Zirconium-89 was produced from the 89Y(p,n)89Zr transmutation reaction by proton bombardment of commercially available, high-purity (99.99%, 0.1 mm thick) 89Y-foil on a small cyclotron. Proton and deuteron bombardment of 89Y-targets has been investigated by several research groups.[10, 11, 16, 17, 38–40] Recently, Mustafa et al. used the foil-activation method to obtain excitation functions for the 89Y(p,n)89Zr, 89Y(p,2n)88Zr and 89Y(p,pn)88Y transmutation reactions at proton beam energies up to 40 MeV. Their results indicate that the p,n reaction for formation of 89Zr has an experimental threshold bombardment energy for formation around 4.59 MeV, which is close to the calculated Q-value of 2832.7(25) keV, and displays a maximum average cross-section (σave.) of 787.2 ± 2.6 mb at 13.80 MeV. In contrast, threshold energy values for the formation of 88Zr and 88Y occur around 13.30 MeV with σave. values of 786.9 ± 1.5 and 298.0 ± 5.7 mb, at 22.98 and 28.30 MeV, respectively. At incident proton beam energies <16 MeV, no contamination from 88Zr or 88Y was observed at the end-of bombardment (EOB) in our experiments.
A photograph of the custom-made water-cooled target assembly is shown in Figure 2 and details from 4 production representative runs are presented in Table 1. In total, over 15 irradiations have been conducted with typical total yields of 89Zr 40 – 60 mCi after 2 – 3 h irradiation. A proton beam energy of 15 MeV, with a 15 μA beam current was found to give optimum yields of 89Zr with an average production rate of 1.52 ± 0.11 mCi/μA·h. NB: The target must be allowed to cool for 1 h after the end-of-bombardment (EOB) to allow decay of the short-lived isomeric product, 89mZr (t1/2 = 4.161(17) min.).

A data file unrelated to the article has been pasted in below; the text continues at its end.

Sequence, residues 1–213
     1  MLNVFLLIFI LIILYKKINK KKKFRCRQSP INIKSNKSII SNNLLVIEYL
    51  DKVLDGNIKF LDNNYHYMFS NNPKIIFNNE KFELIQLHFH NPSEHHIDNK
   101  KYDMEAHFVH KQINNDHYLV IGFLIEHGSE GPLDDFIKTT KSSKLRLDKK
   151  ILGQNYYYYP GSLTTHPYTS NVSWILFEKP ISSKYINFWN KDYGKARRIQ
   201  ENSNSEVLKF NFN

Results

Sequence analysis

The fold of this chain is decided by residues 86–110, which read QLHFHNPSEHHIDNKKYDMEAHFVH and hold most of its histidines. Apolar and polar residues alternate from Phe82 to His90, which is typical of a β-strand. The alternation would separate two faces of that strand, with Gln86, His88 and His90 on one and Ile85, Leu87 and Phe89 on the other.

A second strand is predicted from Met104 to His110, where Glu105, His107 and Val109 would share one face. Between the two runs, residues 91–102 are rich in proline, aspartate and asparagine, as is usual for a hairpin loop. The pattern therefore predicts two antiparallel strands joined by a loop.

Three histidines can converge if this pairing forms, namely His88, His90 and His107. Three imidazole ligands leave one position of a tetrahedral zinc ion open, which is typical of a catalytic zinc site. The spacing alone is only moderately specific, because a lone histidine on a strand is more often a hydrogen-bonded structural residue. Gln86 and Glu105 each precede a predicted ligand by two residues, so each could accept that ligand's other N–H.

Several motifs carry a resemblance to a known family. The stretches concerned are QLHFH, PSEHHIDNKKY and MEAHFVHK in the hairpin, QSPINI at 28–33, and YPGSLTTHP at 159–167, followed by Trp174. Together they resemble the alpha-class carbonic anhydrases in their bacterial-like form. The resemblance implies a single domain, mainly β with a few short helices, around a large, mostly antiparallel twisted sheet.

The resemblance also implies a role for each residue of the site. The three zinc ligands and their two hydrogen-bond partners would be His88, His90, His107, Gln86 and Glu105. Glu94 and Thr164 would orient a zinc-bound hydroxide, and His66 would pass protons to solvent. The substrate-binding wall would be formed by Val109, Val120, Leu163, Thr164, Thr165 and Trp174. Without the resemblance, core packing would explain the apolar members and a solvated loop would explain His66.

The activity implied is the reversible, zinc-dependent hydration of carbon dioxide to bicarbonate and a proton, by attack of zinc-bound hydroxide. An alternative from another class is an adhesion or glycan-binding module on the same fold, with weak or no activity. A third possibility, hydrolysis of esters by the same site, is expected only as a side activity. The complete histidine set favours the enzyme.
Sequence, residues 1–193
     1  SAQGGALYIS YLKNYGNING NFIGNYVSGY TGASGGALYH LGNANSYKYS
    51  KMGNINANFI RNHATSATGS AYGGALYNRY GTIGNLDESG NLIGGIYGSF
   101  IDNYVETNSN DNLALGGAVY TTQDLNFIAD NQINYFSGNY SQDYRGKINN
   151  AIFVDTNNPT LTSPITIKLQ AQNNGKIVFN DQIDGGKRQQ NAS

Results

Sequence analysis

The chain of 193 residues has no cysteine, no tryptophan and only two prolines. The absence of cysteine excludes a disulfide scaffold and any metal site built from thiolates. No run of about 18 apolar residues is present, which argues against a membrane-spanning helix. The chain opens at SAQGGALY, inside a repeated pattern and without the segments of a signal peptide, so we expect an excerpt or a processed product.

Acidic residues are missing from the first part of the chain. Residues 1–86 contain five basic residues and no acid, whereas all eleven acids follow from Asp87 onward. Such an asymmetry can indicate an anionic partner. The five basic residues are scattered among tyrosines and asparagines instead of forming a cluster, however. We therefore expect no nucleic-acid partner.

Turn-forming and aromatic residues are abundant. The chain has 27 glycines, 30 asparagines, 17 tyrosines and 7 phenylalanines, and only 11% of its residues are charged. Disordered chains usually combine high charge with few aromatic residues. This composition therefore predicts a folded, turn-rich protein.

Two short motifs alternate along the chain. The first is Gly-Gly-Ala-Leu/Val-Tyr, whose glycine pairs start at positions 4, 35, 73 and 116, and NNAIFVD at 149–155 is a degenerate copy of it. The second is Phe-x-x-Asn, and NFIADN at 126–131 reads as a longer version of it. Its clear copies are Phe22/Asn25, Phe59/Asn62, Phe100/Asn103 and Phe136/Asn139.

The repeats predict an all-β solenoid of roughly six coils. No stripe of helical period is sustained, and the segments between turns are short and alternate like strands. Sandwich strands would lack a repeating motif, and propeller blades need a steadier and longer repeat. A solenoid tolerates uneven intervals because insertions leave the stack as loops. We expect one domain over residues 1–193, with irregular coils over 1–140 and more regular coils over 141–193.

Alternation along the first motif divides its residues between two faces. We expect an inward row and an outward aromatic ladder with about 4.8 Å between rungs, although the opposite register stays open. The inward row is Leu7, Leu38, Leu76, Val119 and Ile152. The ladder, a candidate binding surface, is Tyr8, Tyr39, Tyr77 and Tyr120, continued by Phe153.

After cooling, the target was dissolved in 4 × 0.5 mL portions of 6 M HCl(aq.). Dissolution was complete within 10 min. However, a small trace of black insoluble material remained in suspension. This material is likely to be an insoluble form of yttrium chloride and was found not to contain any 89Zr activity. A small aliquot of H2O2 was added in accordance with the procedures described by Verel et al. However, in aqueous solution Zr(IV) ions are the predominant species and the Zr(IV) + 4e− → Zr(0) reaction has a reduction potential of E° = −1.51 V versus the standard hydrogen electrode (SHE). Experiments in which H2O2 was omitted showed no difference in the observed separation and chelation chemistry of the isolated 89 Zr samples.
The hydroxamate resin has been characterized by both spectroscopic and radiochemical binding studies. Functional group conversion of the carboxylate-to-hydroxamate ligand was characterized by using attenuated total internal-reflectance (ATIR) infra-red spectroscopy. Due to the nature of the solid polymer-coated resin and the low ligand density (<0.35 mmol/g) ATIR signal intensities were weak and as a consequence, only changes in very strongly absorbing carbonyl groups were observed. Difference spectra (hydroxamate – carboxylate resin spectra) revealed decreased absorption intensity at 1573 and 1407 cm−1, characteristic of the loss of the asymmetric ( νas) and symmetric (νs) C=O stretching modes of the carboxylate resin, respectively. An increase in absorption at 1737 and 1654 cm−1 was assigned to the νas and νs C=O stretching modes of –C(O)NHOH, respectively. As expected, the ATIR data indicate that the “hydroxamate resin” is actually present in the protonated hydroxamic acid form.